Wednesday, July 18, 2012

Woman of the Week - Simone de Beauvoir

Simone de Beauvoir is one of my favorite writers of all time. She was a French feminist theorist, existentialist philosopher and political activist. De Beauvoir was born in 1908, and she died in 1986. Her most famous book is "The Second Sex." I have read most of it, but it's a huge book, and I’m still working on finishing it.

Her novels are amazing. I love "The Woman Destroyed." The main character is a woman in her mid-forties who discovers that her husband is having an affair. Her life unravels as it becomes clear that her only option is to stay with her philandering husband because she doesn't have any means of supporting herself. It's Simone de Beauvoir's cautionary tale about getting married and then losing your self-worth and independence.

Simone de Beauvoir never married. She and Jean Paul Sartre were partners, but they never got married. They had an open relationship, which they both claimed to be okay with, but their relationship was volatile. Sartre's most famous book, and his masterpiece, "Being and Nothingness," was heavily influenced by De Beauvoir. Her novel "She Came to Stay," which was written before "Being and Nothingness," outlined several existentialist ideas that were featured in Sartre's book. No one likes a copycat!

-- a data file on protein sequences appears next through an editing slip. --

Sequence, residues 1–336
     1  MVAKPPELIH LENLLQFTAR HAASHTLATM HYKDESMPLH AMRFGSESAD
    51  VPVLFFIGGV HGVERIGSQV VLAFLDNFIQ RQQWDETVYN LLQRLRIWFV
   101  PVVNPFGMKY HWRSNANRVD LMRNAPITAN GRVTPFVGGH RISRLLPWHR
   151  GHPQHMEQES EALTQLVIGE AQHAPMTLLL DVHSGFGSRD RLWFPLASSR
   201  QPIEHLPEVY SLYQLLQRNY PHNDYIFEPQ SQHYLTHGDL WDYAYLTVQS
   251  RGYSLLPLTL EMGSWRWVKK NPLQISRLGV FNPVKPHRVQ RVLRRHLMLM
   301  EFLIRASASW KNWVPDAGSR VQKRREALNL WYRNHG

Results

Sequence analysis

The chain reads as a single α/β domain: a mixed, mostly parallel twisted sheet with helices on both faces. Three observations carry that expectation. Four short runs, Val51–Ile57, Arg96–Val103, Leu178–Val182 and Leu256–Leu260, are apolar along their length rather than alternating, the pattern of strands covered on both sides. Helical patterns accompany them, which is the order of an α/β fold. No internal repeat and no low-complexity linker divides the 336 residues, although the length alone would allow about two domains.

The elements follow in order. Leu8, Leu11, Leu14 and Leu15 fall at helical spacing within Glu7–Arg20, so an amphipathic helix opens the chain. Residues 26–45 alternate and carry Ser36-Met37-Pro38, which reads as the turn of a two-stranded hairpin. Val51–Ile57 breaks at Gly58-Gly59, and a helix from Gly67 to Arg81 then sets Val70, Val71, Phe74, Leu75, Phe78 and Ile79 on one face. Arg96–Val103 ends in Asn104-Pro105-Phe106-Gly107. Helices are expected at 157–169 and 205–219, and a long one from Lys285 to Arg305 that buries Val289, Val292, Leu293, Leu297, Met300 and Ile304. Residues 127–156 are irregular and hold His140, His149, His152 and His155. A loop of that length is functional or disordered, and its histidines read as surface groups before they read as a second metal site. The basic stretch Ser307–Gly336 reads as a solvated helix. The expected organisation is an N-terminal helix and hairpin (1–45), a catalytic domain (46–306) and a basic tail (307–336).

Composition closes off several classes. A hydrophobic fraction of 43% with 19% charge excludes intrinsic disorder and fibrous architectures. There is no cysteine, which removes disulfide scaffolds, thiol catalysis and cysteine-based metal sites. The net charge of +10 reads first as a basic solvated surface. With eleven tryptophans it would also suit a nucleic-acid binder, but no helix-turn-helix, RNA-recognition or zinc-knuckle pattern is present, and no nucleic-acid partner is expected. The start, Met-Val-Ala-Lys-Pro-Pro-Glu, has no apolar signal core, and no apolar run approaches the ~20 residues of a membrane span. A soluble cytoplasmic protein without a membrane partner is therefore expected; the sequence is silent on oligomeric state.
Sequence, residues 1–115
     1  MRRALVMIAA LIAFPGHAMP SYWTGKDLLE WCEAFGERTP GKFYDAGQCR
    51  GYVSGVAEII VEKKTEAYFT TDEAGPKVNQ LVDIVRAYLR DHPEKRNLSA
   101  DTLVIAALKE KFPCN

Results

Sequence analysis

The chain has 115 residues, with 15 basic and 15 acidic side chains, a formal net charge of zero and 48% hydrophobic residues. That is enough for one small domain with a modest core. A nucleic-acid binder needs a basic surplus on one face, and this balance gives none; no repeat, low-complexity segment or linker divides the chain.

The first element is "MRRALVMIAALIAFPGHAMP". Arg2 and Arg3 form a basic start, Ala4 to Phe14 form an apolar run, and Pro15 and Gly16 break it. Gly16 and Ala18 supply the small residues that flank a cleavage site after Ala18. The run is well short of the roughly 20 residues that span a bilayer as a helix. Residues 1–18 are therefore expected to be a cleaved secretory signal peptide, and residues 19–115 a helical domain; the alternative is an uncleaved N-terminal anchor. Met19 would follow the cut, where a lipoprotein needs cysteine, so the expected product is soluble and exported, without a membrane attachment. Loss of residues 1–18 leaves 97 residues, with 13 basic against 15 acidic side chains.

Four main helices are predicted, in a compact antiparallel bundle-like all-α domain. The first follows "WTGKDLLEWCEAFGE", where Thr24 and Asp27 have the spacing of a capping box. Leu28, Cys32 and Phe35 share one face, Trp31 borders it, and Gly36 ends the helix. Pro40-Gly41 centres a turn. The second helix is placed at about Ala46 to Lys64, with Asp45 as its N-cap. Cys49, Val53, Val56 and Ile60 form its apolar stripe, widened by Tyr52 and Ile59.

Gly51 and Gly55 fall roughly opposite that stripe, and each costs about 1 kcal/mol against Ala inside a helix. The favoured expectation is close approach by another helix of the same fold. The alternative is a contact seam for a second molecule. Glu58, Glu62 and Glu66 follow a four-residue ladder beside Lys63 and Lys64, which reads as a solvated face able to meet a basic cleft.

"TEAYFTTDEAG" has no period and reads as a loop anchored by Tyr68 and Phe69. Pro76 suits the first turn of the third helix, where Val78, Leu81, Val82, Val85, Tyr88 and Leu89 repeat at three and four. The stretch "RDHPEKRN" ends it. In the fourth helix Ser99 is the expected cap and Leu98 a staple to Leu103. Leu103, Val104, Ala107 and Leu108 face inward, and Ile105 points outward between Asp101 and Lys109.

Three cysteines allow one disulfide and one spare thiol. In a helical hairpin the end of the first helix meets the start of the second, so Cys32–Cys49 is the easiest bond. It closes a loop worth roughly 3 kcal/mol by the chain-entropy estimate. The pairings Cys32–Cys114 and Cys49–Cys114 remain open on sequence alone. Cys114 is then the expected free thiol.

One of my favorite experiences in Paris was visiting Simone de Beauvoir's grave in Montparnasse cemetery. While we were trying to find the cemetery, my husband and I took a wrong turn, and we ended up in front of the apartment building where De Beauvoir lived for over 20 years. That was pretty exciting! Simone de Beauvoir and Jean Paul Sartre were buried in the same grave. I suppose that's a creepy way.

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